To what extent has your taste in music influenced your songwriting?

I love so many different artists, all of whom have their own specific characteristics, and I believe I subconsciously absorb my favorite things that they do and somehow filter them through my own artistry. When my taste changes, my music changes. There was a point in my life when I knew every single word to every single Sugarland song. The songs I wrote then are very different from what I write now.

What inspires your songwriting?

I’m inspired by personal experience, of course, but more than anything, I’m fascinated by stories, whether it be my own or someone else’s or one I’ve imagined. To me, human existence is this culmination of stories: the beautiful, the devastating, and the in-between. Songwriting is this channel through which I am able to tell a handful of them.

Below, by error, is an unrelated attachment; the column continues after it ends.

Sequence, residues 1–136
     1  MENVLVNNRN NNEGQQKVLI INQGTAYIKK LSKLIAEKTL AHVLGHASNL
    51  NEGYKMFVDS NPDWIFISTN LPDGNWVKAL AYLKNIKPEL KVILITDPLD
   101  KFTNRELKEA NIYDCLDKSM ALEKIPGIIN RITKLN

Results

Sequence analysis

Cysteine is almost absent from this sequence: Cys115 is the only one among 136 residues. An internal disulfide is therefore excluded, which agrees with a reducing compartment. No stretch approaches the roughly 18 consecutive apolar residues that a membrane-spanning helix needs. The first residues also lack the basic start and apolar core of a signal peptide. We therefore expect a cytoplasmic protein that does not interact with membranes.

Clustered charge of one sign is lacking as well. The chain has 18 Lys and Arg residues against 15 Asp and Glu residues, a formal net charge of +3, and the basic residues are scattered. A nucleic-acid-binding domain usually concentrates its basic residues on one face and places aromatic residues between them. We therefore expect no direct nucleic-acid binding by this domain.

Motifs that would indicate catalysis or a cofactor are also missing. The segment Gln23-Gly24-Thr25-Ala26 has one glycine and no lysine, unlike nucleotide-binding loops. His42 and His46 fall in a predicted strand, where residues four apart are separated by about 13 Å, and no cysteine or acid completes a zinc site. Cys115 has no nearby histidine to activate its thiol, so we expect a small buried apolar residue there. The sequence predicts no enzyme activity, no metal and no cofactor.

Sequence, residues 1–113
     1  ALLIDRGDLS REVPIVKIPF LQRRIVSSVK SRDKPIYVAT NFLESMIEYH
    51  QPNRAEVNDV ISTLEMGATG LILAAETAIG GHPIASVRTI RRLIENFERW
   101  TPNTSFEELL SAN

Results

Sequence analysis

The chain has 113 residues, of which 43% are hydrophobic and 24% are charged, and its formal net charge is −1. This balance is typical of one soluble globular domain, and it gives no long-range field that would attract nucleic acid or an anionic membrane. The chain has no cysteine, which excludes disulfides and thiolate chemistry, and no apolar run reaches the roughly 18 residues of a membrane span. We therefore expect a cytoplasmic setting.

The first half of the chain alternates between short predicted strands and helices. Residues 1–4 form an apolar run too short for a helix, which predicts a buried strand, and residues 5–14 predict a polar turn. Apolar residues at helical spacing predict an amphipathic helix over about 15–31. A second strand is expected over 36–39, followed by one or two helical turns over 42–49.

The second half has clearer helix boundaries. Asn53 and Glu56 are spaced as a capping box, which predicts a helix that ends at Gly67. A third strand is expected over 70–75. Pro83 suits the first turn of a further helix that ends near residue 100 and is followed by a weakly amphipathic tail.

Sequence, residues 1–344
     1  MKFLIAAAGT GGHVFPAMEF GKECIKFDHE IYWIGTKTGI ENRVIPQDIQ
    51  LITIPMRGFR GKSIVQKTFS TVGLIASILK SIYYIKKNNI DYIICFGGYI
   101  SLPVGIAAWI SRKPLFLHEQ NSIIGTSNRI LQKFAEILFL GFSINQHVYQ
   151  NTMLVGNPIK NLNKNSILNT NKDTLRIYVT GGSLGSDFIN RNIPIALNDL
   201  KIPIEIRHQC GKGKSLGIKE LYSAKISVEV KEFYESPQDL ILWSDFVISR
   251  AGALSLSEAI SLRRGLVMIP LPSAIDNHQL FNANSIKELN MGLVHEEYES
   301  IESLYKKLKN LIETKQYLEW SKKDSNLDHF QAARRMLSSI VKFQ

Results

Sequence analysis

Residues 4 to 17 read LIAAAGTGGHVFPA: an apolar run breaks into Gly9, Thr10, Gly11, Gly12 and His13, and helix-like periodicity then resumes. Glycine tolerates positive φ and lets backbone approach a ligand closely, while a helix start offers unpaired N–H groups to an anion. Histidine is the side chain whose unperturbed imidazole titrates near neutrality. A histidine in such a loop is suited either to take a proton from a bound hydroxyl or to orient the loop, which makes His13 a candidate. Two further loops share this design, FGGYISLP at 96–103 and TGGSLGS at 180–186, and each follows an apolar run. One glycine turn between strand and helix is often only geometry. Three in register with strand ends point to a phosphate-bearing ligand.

What’s the hardest part about sharing something so personal in a song?

Oftentimes, I fear I’m not doing justice to the emotion and feeling behind a song. There can be something I so desperately want to express yet never seem to fully encompass, which is infuriating but also something very special. I’d almost say it’s what keeps songwriting new, this idea that you can express similar sentiments but always embody different facets of it.

Do you think music has made you more confident?

I like to think that my music is an extension of myself, so it isn’t so much that my music can make me more confident, but that confidence must manifest within me. Then, perhaps, that confidence will show through in my music.

What do you feel is your responsibility as a songwriter and musician?